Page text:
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Wow family and dinner guests with a classic tapa courtesy of our Spanish Padron peppers recipe, and fall in love with their charred, crispy texture and sweet, herby, and salty flavor that electrifies your lips and tastebuds from the moment of contact.
Spanish Padron Peppers Recipe
Beloved and devoured across Spain, Padron peppers are a great introduction to Spanish tapas. This recipe is a classic way to prepare these pointy green peppers, bringing some delightful Mediterranean flair and flavor to your home kitchen.
What are Spanish Padron Peppers (Pimientos de Padron)?
Named after their home municipality of Padrón, these small, curved, pocket-sized peppers are known for their mild, sweet, and nutty flavor. Not renowned for their heat, some Padron peppers can in fact be quite hot, which has, in time, led to the term “Os pementos de Padrón, uns pican e outros non,” quite literally meaning “some are hot, some are not.”
Commonly picked and eaten when green, you can eat these peppers raw. However, frying them in olive oil until they blister is the best way to prepare these peppers and really bring out those delightful flavors.
These variations are not seen as traditional ways to prepare Padron peppers as a tapa. However, if you want to experiment, some of these ideas may pique your culinary intrigue.
Shishito peppers: Can’t find Padron peppers? East Asian shishito peppers are often prepared in a similar way, fried in oil until they blister. These peppers also closely resemble the Padron pepper in both appearance and color.
Stuffed peppers: You may need some surgeon-like precision here, but despite their size, some people do use Padron peppers in stuffed pepper recipes. You can cut them open, clean out the seeds, and add little pockets of breadcrumbs, crumbled cheese, or minced meat, among other fillings.
Lemon juice: Some people like to add a splash of lemon juice for citrussy notes and a little extra acidity.
To make our classic Padron peppers recipe, you’ll only need three ingredients:
- Padron Peppers – 1 lb (450 grams)
- Olive Oil – 3 tbsp
- Sea Salt Flakes – 1 tsp Maldon salt (or to taste)
Step 1 – Wash and pat dry the Padron peppers.
Step 2 – Add the peppers to a bowl and add 3 tbsp of olive oil, coating them well.
Step 3 – Preferably in a cast-iron pan (or a stainless steel pan) over medium-high heat, add the Padron peppers.
To stop the oil from splashing, you can put a splatter screen over the top of your pan.
Step 4 – Cook the peppers until soft and blistered/charred (about 5-7 minutes), turning them as necessary to make sure they’re charred on all sides.
Be warned, because the sound of the sizzling and the blistering of the skin is incredibly hypnotic!
Step 5 – Finish with sea salt flakes as soon as you get them out of the pan. I like to toss them in a large bowl with the sea salt flakes to make sure every single one of those peppers has some delicious sea salt flakes on it.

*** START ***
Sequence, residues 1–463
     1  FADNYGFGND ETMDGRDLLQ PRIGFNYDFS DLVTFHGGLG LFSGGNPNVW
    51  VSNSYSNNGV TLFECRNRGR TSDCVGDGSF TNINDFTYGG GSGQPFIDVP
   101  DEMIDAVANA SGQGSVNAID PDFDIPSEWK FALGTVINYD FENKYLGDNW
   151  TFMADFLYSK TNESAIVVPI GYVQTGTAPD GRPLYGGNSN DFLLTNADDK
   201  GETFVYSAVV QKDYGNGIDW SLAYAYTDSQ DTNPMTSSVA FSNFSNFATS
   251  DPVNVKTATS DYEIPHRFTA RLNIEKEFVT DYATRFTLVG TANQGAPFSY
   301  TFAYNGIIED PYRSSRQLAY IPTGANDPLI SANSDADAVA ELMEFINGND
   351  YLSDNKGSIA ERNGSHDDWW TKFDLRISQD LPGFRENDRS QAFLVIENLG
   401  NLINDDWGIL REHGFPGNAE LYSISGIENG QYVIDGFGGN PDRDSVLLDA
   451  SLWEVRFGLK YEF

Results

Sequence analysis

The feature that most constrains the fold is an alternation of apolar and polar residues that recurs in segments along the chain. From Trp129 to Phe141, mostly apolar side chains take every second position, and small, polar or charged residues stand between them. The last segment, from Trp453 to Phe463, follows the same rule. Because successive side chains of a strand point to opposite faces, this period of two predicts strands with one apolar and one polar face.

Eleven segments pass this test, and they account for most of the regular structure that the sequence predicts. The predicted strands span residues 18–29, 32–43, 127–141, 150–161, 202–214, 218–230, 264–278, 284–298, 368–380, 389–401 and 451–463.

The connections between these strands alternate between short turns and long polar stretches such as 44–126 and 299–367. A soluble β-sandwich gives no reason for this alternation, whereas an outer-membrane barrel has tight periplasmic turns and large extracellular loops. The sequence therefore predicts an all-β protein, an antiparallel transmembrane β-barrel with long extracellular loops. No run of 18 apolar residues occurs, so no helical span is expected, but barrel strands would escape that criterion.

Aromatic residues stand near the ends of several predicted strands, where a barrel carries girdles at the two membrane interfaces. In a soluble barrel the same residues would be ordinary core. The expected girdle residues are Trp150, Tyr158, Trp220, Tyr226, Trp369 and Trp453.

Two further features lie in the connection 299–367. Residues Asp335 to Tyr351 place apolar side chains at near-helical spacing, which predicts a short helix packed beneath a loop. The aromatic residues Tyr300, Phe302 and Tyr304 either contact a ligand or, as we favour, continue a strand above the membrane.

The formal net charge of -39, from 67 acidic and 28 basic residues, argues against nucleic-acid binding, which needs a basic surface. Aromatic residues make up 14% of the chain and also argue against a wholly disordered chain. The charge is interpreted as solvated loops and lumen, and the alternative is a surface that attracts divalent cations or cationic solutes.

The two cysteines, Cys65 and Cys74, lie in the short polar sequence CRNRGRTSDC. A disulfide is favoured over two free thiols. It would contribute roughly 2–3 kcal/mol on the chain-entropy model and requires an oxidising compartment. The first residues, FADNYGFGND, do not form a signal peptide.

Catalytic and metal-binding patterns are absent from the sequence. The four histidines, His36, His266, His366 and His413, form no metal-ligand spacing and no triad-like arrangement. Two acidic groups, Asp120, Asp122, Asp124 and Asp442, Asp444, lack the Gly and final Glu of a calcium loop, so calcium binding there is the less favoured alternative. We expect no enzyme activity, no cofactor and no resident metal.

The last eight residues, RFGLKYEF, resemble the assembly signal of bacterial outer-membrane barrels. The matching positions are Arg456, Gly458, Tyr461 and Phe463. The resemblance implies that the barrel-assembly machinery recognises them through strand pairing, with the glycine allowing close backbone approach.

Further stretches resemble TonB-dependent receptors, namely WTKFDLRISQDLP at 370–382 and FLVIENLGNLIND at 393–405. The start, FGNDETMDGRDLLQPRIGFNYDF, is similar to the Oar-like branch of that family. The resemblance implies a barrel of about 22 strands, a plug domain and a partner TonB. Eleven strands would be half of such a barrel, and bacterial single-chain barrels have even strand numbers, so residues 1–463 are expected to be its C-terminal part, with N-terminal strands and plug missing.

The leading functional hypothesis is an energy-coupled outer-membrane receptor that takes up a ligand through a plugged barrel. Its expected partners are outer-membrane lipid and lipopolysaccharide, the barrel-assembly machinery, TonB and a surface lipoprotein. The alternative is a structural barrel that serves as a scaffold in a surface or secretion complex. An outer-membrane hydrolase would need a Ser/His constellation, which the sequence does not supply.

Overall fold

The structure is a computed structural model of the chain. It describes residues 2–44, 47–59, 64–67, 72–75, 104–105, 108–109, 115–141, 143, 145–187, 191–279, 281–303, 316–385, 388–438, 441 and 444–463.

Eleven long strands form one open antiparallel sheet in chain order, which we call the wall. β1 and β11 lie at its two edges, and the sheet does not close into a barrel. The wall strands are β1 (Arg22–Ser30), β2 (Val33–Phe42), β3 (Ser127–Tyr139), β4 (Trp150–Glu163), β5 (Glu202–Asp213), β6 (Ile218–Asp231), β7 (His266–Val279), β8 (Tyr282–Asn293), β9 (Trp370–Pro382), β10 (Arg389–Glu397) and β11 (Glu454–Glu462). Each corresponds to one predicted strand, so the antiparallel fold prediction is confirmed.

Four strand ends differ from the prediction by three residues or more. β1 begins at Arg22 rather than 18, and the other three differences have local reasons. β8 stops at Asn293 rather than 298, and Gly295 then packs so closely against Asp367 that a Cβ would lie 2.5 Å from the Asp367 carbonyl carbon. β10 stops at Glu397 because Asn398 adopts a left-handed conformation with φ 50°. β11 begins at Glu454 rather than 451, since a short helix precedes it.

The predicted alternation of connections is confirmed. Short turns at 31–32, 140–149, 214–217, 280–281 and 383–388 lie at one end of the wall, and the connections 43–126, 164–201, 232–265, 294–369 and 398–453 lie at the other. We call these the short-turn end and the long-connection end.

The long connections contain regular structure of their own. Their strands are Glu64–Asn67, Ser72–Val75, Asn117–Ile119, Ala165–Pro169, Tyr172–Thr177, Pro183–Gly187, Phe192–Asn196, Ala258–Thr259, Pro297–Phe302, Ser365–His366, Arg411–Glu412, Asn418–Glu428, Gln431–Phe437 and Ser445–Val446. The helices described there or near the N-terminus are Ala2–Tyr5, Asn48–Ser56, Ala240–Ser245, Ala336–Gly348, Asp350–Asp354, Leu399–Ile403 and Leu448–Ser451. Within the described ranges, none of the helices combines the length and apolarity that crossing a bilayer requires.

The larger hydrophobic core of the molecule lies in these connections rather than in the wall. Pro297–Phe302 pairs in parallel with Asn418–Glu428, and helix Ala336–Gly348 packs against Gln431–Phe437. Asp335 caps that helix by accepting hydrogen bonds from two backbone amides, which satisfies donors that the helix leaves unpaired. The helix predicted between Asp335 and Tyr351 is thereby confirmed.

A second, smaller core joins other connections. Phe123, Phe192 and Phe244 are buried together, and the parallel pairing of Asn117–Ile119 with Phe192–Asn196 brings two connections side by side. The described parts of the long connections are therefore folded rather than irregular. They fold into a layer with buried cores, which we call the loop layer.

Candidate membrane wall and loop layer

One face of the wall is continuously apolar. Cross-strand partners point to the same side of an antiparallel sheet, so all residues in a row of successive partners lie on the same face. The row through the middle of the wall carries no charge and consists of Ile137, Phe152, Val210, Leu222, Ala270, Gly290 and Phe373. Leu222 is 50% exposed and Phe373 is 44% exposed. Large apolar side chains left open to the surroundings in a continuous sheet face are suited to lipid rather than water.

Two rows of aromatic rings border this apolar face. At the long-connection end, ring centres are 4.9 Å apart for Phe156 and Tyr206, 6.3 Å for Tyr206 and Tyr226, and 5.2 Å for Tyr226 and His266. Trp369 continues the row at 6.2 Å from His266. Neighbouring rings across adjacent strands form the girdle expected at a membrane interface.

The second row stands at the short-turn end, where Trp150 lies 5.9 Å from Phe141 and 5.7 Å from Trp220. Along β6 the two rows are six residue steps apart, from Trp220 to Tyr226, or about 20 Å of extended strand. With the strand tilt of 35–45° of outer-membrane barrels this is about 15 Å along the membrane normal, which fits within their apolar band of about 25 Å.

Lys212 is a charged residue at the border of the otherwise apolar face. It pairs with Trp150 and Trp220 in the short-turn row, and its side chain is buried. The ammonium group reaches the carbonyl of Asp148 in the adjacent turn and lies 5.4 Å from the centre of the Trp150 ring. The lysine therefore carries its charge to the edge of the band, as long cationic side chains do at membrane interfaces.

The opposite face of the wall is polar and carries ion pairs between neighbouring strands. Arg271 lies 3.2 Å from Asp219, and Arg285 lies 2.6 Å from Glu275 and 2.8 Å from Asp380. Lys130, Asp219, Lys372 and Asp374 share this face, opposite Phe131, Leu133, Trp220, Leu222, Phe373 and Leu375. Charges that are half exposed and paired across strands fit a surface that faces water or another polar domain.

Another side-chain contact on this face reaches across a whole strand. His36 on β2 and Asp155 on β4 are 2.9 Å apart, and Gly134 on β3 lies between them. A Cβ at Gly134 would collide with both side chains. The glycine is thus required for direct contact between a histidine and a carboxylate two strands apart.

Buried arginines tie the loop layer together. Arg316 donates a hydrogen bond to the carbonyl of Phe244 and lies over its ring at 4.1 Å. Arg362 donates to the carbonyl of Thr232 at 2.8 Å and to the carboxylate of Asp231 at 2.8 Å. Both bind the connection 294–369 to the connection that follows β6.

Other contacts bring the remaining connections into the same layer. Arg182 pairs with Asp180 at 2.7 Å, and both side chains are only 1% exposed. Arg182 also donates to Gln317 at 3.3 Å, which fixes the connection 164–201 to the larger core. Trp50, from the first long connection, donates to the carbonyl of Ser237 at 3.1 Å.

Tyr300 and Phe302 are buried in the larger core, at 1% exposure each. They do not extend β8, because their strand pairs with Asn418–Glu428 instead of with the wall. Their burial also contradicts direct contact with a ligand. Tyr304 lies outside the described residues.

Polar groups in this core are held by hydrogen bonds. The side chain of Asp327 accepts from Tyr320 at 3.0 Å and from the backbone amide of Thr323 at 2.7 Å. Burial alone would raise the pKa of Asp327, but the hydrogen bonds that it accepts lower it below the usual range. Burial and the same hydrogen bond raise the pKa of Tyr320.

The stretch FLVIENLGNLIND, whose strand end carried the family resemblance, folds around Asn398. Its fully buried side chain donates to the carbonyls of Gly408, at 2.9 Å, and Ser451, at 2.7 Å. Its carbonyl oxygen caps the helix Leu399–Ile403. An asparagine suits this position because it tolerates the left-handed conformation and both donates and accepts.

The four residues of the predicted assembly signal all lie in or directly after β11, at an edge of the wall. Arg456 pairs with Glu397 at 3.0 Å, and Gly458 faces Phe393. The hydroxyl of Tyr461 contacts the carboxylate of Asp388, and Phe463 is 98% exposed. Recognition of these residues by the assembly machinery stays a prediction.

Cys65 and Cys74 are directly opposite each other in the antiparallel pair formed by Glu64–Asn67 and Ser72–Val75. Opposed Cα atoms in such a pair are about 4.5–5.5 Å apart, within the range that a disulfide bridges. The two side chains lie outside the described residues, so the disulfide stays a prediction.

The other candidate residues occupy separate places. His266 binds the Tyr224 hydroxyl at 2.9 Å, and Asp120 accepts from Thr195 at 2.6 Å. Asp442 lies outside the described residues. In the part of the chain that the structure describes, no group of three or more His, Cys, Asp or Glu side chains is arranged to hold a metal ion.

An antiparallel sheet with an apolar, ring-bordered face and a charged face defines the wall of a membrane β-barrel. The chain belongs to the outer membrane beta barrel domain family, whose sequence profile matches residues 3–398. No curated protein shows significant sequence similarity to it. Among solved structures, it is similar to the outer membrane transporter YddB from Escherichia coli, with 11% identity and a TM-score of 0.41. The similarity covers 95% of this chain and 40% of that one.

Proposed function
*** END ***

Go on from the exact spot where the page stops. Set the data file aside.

Step 6 – Serve immediately in a tapas bowl, and finish with a final sprinkle of Maldon salt for good measure.
You really can keep it this simple with Padron peppers. Their smoky, sweet flavor and charred, crispy texture make them ideal for a bite-sized snack.
If you’re looking for a few ideas, consider some of these serving pairings:
Tapas – You should definitely get some type of Spanish-themed night arranged, and serve up a number of classic tapas dishes as part of a big spread that your dinner guests can try and dig into. This is great for gatherings where people will be drinking and talking, and not all sat down for a formal meal together.
Stuffed – Mentioned in the variations section, Padron peppers can be opened and stuffed with the likes of minced meat, breadcrumbs, and cheese, if you wanted to get a little more creative.
Battered – Padron peppers, as with many other peppers, can very much be coated in batter and fried.
Seafood – Padron peppers in this classic tapas style are a great pairing for baked and grilled seafood, such as sea bass or mackerel.
There’s just so much depth to the flavor of these unique little peppers. Once you’ve tried them, you’ll straight away understand why they are so popular throughout Spain.
Spanish food, much like many Mediterranean cuisines, is all about keeping things simple. Sometimes two or three ingredients, used in the right way, are all it takes to make a truly mouthwatering dish.
Spanish Padron Peppers Recipe Card
Spanish Padron Peppers (Pimientos de Padron)
- 1 lb (450 grams) padron peppers
- 3 tbsp olive oil
- 1 tsp sea salt flakes (such as Maldon)
- Wash and pat dry the Padron peppers.
- Add the peppers to a bowl and add 3 tbsp of olive oil, coating them well.
- Preferably in a cast-iron pan (or a stainless steel pan) over medium-high heat, add the Padron peppers. To stop the oil from splashing, you can put a splatter screen over the top of your pan.
- Cook the peppers until soft and blistered/charred (about 5-7 minutes), turning them as necessary to make sure they're charred on all sides.
- Finish with sea salt flakes as soon as you get them out of the pan. I like to toss them in a large bowl with the sea salt flakes to make sure every single one of those peppers has some delicious sea salt flakes on it.
- Serve immediately in a tapas bowl, and finish with a final sprinkle of sea salt flakes for good measure.
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